So it was that on this pleasant summer’s day, warm and sunny but crisp with a touch of approaching Fall, the little boy, quite naked and free to go forth into the woods, was excited by the idea of prancing about and exploring the world. Accordingly he set out to go far afield.
To this child, “life” soon became all about a butterfly which he spied fluttering about from bush to bush. The little creature seemed to him incredibly fascinating as it darted about in front of his eyes as though playing a game of hide and seek. It even seemed to smile at him, so closely was it focused on the child and on its little game with him.
A charming playtime then occurred between the golden boy and this creature of nature. It was all engrossing, one of those wonders that makes the day of a child infinite and all absorbing.
However, back at the campsite, things were not going so well. The child’s mother was worrying intensely. Where was her son? Why didn’t he answer her when she called out to him? She could not answer her own questions and dread thoughts came into her mind.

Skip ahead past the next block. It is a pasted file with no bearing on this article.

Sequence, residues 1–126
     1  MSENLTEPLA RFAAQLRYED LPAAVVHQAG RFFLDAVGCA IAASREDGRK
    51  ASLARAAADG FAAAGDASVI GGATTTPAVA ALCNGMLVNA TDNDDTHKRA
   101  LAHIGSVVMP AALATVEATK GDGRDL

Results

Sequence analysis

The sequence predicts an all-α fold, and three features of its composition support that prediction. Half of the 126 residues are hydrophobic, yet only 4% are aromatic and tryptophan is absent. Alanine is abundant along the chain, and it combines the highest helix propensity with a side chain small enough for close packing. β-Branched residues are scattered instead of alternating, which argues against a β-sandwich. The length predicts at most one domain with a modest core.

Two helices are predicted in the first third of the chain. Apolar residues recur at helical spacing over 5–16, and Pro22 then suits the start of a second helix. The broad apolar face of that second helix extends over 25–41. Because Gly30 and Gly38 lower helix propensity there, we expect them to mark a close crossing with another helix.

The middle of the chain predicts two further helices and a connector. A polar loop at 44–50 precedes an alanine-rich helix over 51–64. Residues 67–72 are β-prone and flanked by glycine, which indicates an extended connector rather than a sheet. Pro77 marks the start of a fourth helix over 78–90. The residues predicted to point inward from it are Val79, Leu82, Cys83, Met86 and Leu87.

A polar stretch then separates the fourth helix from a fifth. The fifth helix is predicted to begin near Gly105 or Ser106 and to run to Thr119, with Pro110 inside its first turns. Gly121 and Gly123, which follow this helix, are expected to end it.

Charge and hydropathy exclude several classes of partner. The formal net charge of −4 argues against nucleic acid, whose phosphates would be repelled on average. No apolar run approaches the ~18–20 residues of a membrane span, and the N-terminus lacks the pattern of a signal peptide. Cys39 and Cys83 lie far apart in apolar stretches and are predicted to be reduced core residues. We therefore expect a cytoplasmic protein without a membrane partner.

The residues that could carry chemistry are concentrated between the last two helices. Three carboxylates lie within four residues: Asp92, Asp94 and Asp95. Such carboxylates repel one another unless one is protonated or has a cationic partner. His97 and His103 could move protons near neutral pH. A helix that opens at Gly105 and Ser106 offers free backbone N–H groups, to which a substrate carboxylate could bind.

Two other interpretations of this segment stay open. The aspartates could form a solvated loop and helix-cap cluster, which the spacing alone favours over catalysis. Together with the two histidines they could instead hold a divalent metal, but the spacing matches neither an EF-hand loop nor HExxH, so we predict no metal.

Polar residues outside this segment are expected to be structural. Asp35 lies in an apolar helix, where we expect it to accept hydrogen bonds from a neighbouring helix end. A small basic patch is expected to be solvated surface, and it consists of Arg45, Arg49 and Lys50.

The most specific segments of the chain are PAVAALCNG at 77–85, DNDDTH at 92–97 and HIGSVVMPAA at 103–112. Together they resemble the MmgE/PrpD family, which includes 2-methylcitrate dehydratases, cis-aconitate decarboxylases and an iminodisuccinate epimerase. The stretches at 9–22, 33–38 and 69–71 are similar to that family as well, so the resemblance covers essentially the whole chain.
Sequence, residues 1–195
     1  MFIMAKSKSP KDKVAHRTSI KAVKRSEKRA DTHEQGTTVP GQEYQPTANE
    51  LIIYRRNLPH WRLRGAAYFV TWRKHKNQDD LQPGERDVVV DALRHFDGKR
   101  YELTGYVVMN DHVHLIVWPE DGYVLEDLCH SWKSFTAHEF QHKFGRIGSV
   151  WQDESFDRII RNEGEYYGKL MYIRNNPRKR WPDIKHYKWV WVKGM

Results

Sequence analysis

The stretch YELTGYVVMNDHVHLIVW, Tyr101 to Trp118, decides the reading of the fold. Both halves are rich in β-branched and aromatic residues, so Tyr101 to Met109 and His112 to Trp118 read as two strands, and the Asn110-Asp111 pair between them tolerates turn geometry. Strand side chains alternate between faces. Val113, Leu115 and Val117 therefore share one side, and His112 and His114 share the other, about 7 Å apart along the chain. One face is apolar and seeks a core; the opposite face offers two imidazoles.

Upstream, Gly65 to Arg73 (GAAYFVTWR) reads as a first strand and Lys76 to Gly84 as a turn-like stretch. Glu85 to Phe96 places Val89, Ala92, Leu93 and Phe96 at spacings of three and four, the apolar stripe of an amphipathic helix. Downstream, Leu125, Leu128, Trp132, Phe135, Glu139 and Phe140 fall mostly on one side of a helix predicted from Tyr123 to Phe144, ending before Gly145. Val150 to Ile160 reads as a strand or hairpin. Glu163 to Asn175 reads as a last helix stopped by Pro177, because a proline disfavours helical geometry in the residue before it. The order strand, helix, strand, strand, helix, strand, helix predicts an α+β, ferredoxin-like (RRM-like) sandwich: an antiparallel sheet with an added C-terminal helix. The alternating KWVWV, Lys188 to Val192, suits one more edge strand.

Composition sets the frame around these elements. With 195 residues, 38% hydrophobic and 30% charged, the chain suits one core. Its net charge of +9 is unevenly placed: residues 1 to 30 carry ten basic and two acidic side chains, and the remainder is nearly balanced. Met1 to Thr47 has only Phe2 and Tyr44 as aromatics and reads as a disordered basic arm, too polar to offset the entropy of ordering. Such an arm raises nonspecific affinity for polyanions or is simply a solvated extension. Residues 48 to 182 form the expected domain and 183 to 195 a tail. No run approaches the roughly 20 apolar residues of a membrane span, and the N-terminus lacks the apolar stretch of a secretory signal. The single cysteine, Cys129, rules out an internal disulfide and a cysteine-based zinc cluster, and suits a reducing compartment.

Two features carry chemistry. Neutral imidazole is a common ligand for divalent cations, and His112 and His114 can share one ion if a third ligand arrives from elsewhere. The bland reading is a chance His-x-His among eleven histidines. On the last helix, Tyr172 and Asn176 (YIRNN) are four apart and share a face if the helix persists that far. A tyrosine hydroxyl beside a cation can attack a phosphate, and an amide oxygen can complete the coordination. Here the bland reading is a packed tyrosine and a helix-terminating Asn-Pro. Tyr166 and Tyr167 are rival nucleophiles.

“The whirlpool!” the mother suddenly thought to herself. “The whirlpool in the stream in the woods! That’s why he doesn’t answer my calls!”
“Oh my God!” She gasped “the whirlpool!”
Now, having talked herself into a state of panic, despair and anger at the child for endangering himself, the mother rushed to try to save him.
At first she circled the woods calling out desperately to him. But since he was on the other side of the woods in an open space where butterflies love to play with children, he didn’t hear her and remained happily running in the game of hide and seek.
Not finding her son and getting no response to her frantic calls, the mother, heart pounding in her throat, headed straight for the site of the whirlpool. Dreading what she might find, she knew she must go to this place if she was to save him.
When she came to the turbulent stream she stopped short, dizzified, and half faint from fear at what she saw.
Before her a mountain whirlpool swirled within the depths of the stream. Never had a whirlpool seemed to her to be so strong or so determined, never had it looked so ominous.